UK parliament committee calls for new approaches to flood management

Faced with predictions from the U.K. government’s recent National Flood Resilience Review to expect 20% to 30% more intense rainfall due to climate change in coming years, the bipartisan Environment, Food, and Rural Affairs Committee of Parliament last month released a report calling for a complete overhaul of how the country approaches its vulnerability to flooding.

The report, Future flood prevention, prescribes a new model of governance for flood risk management, a shift in flood risk infrastructure priorities, improved flood resilience for new construction projects, and clearer public communication about flood avoidance.

The flood risk reduction report from the U.K. Parliament Committee on Environment, Food, and Rural Affairs contains several provisions. Chief among them is the replacement of the Environment Agency with a new government body solely dedicated to flood management. Members of parliament allege that flood mitigation efforts from the Environment Agency have been “fragmented, inefficient, and ineffective in meeting the level of threat that flood risk poses to communities across England.” Photo courtesy of Eric Vance/U.S. Environmental Protection Agency.

The flood risk reduction report from the U.K. Parliament Committee on Environment, Food, and Rural Affairs contains several provisions. Chief among them is the replacement of the Environment Agency with a new government body solely dedicated to flood management. Members of parliament allege that flood mitigation efforts from the Environment Agency have been “fragmented, inefficient, and ineffective in meeting the level of threat that flood risk poses to communities across England.”
Photo courtesy of Eric Vance/U.S. Environmental Protection Agency.

Members of the committee describe in the report that 5 million English residents live in areas that are vulnerable to heavy flooding. In December 2015, Storm Desmond revealed those vulnerabilities, causing more than £5 billion in flood-related damages to many northern parts of the U.K, the report says.

“Despite Government assurances as to the adequacy of its policies, we consider national flood management to be fragmented, inefficient, and ineffective in meeting the level of threat that flood risk poses to communities across England,” the report reads. “With climate change increasing the likelihood of more frequent, more severe flood events, it is imperative that the Government undertakes a root and branch review of national and local flood risk management.”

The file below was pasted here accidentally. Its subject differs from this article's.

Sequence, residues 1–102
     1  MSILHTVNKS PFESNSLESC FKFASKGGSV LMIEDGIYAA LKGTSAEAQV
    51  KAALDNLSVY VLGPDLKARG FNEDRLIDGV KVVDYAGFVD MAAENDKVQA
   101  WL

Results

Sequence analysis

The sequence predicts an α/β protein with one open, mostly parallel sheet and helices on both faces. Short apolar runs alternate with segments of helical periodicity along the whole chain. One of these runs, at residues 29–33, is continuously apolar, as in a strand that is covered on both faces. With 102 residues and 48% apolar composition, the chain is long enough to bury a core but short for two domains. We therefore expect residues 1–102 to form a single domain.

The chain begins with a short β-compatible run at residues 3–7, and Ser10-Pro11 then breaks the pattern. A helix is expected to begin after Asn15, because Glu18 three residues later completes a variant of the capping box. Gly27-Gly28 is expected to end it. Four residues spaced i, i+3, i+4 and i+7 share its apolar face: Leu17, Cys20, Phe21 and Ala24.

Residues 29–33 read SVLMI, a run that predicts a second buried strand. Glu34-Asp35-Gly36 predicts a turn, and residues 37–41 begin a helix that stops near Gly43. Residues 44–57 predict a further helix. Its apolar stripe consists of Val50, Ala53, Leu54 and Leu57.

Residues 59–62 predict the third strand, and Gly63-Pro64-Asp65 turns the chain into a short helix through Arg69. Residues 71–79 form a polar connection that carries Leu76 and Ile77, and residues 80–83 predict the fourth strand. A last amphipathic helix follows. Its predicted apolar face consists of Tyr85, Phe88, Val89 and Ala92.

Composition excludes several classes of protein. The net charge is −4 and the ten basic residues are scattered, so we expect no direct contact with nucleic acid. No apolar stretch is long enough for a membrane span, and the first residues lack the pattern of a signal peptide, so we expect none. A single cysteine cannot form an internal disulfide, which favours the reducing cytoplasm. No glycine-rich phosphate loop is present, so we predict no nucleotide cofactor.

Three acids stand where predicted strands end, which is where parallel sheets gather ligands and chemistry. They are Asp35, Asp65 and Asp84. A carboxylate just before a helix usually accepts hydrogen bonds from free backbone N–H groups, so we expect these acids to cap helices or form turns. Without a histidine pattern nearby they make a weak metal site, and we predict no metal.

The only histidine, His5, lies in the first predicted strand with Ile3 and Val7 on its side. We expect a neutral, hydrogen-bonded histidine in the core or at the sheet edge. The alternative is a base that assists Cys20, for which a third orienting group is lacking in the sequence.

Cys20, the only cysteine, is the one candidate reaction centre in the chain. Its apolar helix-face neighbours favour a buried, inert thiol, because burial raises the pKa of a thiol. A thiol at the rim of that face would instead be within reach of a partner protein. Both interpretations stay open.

By the end of 2017, appropriate agencies of parliament are urged to release a forward-looking document outlining ideas and costs estimates toward national flood risk reduction. These ideas should consider possible climate change-related scenarios over the next 25 years, the report says.

Specific recommendations of the committee include

  • stripping the U.K. Environment Agency of its responsibility to coordinate flood management measures;
  • forming a new, dedicated government body to oversee flood risk reduction and flood response (as is the case in the Netherlands);
  • testing the efficacy of “natural” options to control flooding — such as the installation of leaky dams, trees, and manageable soils — with a focus on large-scale renovations at catchment areas rather than in cities and towns;
  • establishing an incentive program to encourage farmers to store water in unused agricultural lands;
  • requiring that building developers introduce standard flood resiliency measures into new buildings;
  • expediting the permit process to allow dredging by civilians when necessary;
  • improving the pre-existing flood warning system and increasing citizens’ understanding of flood risks within their communities; and
  • revamping flood insurance programs to become clearer and more accessible for homeowners and small business owners.

The report, published on Nov. 2, is awaiting a response from the larger government. For more information or to read the report, visit the U.K. Parliament website.

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